You’re not alone out there. There are a terrific bunch of guys out there in the field ready to help you besides your field evaluator. Those guys are the umpires that are already certified and have great empathy for what you’re going through. They know the challenges you’re faced with because they were "rookies" once too. Every one of the members of the NHBUA wants the Apprentices to make it through the apprenticeship program. Seek their help during the game and listen to their suggestions after the game.

There is one last person out there who will help and guide you. That will be your "Big Brother". Apprentices will have a "Big Brother" assigned to them. Your "Big Brother" has years of experience. Take the time to watch him and his partner or anyone for that fact, in action at a Varsity level game. The more games that you attend observing experienced umpires in action, the better you’ll become.

Learn the rules. Federation rules are unique. Pay attention in class. You’re given plenty of opportunity to learn the rules. I recommend not only going through the rulebook, but also the casebook. Not only will it help you for your rules review test, but more importantly give you the confidence to make the right decisions on the field. Remember that you are the individual who’s expected to know the rules. Becoming the expert in the rules will keep you out of trouble and earn you respect from the coaches and the umpires you work with.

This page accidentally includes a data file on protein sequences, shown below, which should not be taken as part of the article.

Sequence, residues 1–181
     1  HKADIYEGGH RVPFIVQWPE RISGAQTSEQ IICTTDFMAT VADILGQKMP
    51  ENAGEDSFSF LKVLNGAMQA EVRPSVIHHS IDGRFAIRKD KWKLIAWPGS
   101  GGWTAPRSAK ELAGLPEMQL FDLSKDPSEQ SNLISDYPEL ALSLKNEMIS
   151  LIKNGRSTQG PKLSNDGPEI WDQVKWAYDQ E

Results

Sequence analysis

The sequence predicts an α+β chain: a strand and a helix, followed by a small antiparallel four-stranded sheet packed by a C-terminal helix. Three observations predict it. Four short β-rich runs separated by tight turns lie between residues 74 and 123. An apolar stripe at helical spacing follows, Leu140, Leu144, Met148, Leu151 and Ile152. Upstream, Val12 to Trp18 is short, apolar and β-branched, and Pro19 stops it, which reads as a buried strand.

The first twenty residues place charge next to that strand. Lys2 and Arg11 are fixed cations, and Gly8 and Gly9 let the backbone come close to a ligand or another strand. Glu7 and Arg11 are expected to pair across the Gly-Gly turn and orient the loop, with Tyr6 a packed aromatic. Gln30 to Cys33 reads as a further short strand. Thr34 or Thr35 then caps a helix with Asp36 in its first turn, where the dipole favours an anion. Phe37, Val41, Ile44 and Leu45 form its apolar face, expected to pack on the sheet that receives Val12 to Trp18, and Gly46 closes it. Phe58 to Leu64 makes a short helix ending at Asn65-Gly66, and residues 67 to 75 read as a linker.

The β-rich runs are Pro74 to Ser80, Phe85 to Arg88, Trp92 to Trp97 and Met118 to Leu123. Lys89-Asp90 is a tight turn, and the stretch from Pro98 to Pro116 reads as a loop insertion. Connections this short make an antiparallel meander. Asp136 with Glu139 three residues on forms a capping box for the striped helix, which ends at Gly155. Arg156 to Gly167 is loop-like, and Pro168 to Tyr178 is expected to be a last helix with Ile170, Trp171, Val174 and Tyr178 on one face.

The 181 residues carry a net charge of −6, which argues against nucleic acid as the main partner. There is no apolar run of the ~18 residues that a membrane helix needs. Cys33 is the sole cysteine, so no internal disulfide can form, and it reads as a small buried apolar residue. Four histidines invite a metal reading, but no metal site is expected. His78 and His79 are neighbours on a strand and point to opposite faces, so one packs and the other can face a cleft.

The instructors, field evaluators, the certified umpires that will be assisting you in your Junior Varsity games as well as your "Big Brother" are all there to help prepare you for your big weekend. FIELD EVALUATION WEEKEND. At this time, several instructors and senior umpires will evaluate you in two-action packed tournament games. You’ll be evaluated on your plate and base performance. This is "make or break time". Believe me, after close to two months of junior varsity games and classroom training, you’ll be ready for it. Just remember what you’ve learned and you’ll do fine.

Successfully completing your weekend field evaluation test earns you an invitation to take the written rules test the following week. The instructors assess all areas in both the field and written test to determine whether one passes the course or not. The field evaluations are critical and are more heavily weighted than the written test. Then you wait for "THE CALL".

It’s a great feeling when you get the call that you’ve passed. Everyone who enrolls in the NHBUA Baseball Umpire Development Course can successfully complete the course and experience that proud moment of passing. Work hard and commit yourself to the program, and I guarantee you’ll be wearing the proud symbol of the NHBUA.

Good luck, have fun, and enjoy the class.

Bill Jennings    Baseball Umpire Development Course, 1999